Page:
In our second year together (2015), I finally accomplished a part of my long-time goal of competing at NAJYRC, where we placed 8th in the individual test and 7th in the freestyle. Realizing that a girl from Nebraska and her schoolmaster horse might actually be able to compete with the best horses and riders in the country, through the winter in 2015-2016, Mo and I trained like never before. I aimed to compete again at NAJYRC, but this time I wanted to make the podium. I knew in my heart that we were poised to realize that dream.
Two weeks before our first qualifying show, Mo and I had one of our best training sessions. The music and freestyle pattern my mom and I selected were perfect for Mo. We were ready. But after the ride, I noticed that Mo was acting out of character. He was pacing, rolling, and wouldn’t eat, even his favorite snacks. The local veterinarian urged us to take him to the Kansas State University Equine Medical Center (KSUEMC), so my dad drove us there overnight. The prognosis was guarded but optimistic, so dad and I returned home. Mo was on fluids and underwent multiple tests, but the veterinarians couldn’t decide a diagnosis.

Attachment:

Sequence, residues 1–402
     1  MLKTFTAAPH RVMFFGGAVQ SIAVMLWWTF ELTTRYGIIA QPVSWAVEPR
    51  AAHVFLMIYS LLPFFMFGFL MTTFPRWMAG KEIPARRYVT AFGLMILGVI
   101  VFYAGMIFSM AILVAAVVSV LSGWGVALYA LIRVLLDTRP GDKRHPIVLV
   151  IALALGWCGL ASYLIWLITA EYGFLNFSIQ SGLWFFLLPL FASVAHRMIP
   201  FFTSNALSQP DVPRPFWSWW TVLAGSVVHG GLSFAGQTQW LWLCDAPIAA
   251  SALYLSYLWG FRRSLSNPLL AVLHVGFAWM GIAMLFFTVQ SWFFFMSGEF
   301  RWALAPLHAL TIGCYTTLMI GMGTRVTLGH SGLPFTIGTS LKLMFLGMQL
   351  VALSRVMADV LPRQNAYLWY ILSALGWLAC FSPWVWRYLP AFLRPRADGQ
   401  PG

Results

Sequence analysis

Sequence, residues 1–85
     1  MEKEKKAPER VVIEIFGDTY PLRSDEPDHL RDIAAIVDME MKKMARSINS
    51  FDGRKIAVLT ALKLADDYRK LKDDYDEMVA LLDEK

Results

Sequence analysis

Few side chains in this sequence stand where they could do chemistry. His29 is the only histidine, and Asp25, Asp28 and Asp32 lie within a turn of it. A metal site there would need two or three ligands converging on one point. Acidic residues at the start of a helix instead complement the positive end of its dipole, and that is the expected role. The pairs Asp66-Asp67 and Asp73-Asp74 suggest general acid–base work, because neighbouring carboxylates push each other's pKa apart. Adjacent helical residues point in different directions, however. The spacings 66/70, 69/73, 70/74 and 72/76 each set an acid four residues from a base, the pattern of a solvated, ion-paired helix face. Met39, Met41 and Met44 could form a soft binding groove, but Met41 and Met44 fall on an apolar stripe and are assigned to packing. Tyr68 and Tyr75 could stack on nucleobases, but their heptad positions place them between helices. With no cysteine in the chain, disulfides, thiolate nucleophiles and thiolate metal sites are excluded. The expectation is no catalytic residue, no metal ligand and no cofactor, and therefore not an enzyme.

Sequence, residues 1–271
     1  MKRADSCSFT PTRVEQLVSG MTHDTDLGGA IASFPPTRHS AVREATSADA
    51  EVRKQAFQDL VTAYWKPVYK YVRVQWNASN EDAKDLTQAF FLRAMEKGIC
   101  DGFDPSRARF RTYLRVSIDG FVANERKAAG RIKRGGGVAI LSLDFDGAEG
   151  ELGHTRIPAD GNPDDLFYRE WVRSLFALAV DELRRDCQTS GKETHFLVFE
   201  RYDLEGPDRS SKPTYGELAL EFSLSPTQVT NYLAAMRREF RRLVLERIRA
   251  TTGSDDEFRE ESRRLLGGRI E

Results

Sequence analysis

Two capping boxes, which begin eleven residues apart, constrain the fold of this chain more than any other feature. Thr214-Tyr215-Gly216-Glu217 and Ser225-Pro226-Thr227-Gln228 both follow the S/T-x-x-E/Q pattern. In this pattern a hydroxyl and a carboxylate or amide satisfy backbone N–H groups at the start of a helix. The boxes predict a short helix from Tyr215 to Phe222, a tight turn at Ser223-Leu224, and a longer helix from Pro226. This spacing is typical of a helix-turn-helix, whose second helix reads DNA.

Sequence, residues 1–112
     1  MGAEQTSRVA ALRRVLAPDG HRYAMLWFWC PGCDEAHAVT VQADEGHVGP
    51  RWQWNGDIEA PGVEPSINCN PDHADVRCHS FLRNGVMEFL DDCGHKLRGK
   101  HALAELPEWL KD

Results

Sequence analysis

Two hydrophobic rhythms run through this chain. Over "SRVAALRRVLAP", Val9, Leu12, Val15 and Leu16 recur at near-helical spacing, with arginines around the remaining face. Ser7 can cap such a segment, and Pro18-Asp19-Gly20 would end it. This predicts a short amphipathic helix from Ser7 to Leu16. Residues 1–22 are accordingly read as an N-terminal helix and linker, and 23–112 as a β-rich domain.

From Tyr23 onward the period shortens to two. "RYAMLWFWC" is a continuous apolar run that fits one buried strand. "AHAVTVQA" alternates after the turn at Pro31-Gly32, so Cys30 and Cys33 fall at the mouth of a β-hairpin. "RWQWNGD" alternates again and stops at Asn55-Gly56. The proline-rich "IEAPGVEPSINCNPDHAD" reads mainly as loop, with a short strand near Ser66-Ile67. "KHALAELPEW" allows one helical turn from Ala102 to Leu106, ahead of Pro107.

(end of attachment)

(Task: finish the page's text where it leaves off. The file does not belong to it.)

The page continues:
By the next weekend, I was anxious and excited for the return trip to visit Mo. What I didn’t know was that, on Friday morning, the veterinarians discovered that 25 feet of Mo’s small intestine was dead. The prognosis was poor, and the veterinarians recommended letting him go peacefully. When I got home from school expecting to get ready for the trip to see my boy, I was met with my dad’s open arms, tears welling in his eyes, and I knew. I didn’t need my dad to say the words and I cried like I’ve never cried before. I never got to say goodbye to my best friend and tell him how much I truly loved him.
The grief was intense. My partner with whom I’d worked so hard, and been through so much, was now just a memory. I couldn’t do the one thing I loved more than anything- ride Mo. I was lost, and didn’t know how to fill the painful hole in my heart. I didn’t want to go to the barn. I couldn’t bear to see Mo’s empty stall.
I learned months later, while my dad was driving back to pick up our trailer, Mo’s shoes, and remnants of his mane, he called my trainer and told her that no matter how many hours he had to work to save up, my trainer was to find me another horse. After some time, through Providence, Jami found Apachi, a recently imported horse from Netherlands. Jami saw his great potential, and though my heart was aching for my beloved Mo, I saw his great personality. My dad nicknamed him “Patch”, as he was a patch to my broken heart.